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Sustainability Seed Grant Awardees
June 29, 2010

PSIEE formed a partnership with Outreach, Office of Physical Plant (OPP), and several colleges to establish a significant source of funds to support a one-time Sustainability Seed Grant Program. The goal of the SSGP is to fostering basic and applied research, practice, education, and outreach as it relates to sustainability in such a manner as to enhance our collective expertise on sustainability, initiate or further collaborations across disciplines and units at PSU, and award recipients’ ability to receive larger external grants.

The 13 seed grants awarded are listed alphabetically by title below. Principal investigators are listed and the abstracts are available by clicking the View abstract button.

Building-Integrated Wind Energy: Connecting Aesthetics and Performance
Ute Poerschke, associate professor of architecture; Jelena Srebric, associate professor of architectural engineering; Susan W. Stewart, research associate, Applied Research Lab; Sue Ellen Haupt, senior scientist, Applied Research Lab.

This project will explore new ideas for Building-Integrated Wind Energy (BIWE) by combining technical, environmental and aesthetic research and design studies. While current research focuses primarily on technical performance and the economics of wind turbines, this project combines research on wind behavior and turbine performance with design investigations of wind-optimized building forms and the aesthetic value of turbine integration in architecture. The project will explore BIWE in middle-rise buildings (four to seven stories) in Pennsylvania with the objective to study the potential impact on our immediate surroundings. Being implemented in an academic setting that connects the disciplines of architecture, architectural engineering, energy engineering, and environmental science through lectures, seminars, design studios, and a workshop with invited experts from practice, it will form a test-bed for new strategies and place-based approaches for implementation of wind turbines in buildngs. The project addresses both research in and education of sustainable architecture and technology, with the prospect to expand the gained knowledge to practice and outreach. Involving three departments (Architecture, Architectural Engineering, Meteorology) across three colleges (Arts and Architecture, Engineering, Earth and Mineral Sciences) plus the Applied Research Laboratory, this project allows a multifaceted interdisciplinary and collaborative exploration of the quickly evolving field of BIWE at Penn State.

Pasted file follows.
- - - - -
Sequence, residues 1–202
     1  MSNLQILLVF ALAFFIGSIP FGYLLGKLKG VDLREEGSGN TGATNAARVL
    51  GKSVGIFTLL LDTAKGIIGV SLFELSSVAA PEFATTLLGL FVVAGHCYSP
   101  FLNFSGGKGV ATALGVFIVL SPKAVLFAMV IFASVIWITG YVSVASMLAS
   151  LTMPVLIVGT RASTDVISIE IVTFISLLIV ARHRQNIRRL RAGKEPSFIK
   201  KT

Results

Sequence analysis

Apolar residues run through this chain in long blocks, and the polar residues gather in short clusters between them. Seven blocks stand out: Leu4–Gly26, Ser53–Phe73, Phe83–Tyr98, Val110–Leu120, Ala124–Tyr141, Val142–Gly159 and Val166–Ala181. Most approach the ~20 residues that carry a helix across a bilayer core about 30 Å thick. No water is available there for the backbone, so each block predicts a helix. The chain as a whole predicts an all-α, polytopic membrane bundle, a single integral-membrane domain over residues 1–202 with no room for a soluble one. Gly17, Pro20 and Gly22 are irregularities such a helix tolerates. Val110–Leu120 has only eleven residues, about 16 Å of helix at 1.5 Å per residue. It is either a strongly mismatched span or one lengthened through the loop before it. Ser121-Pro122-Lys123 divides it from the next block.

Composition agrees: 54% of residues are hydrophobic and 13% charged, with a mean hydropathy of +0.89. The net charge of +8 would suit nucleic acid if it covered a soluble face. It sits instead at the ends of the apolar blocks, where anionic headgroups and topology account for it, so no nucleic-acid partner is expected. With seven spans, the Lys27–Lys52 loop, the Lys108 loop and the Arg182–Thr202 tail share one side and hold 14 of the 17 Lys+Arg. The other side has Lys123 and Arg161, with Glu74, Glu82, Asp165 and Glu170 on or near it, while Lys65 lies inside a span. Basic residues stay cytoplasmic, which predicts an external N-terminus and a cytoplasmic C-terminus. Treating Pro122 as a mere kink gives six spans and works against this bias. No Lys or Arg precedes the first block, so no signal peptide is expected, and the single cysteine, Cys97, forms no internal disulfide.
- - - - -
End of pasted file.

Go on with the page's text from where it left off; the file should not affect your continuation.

China’s Monopoly on Rare Earth Elements and the Sustainability of Green Technologies
Andrew N. Kleit, professor of energy and environmental economics; Seth Blumsack, assistant professor of energy and environmental economics; R.J. Briggs, assistant professor of energy and environmental economics; Jeffrey Brownson, assistant professor of energy and mineral engineering; Zhen Lei, Assistant professor of energy and environmental economics; Antonio Nieto, associate professor of mining engineering; Denis Simon, professor of international affairs.

Rare earth elements (“rare earths” or “REEs”) are vital for a wide range of green energy technologies, from hybrid/electric cars to efficient light bulbs to large wind turbines. The supply of rare earths is nearly monopolized by China, which currently accounts for over 90 percent of the world rare earth production and more than 99 percent of such element dysprosium and terbium. Thus, any initiative to significantly make the U.S. energy sector “greener” and moving it toward sustainability depends heavily on the importation of rare earths from China. The issues around REEs are complex and interdisciplinary. Thus, the proper study of REEs involves creation of an interdisciplinary team of scholars. We have assembled such a team here. Our team consists of four energy economists, with specializations in competition policy, environmental policy, the economics of sustainability and the economics of technical change. We also have two engineers, one an expert in mining, and one a specialist in the materials needed for sustainability. In addition, our team includes a political scientist who is a specialist on China and international technology transfer. The issues to be examined include the impacts of China’s near monopoly on rare earth markets, green technology development and the environment, and policy recommendations. We envision creating a critical mass of scholars and undertaking an ambitious research agenda using a diverse array of academic approaches.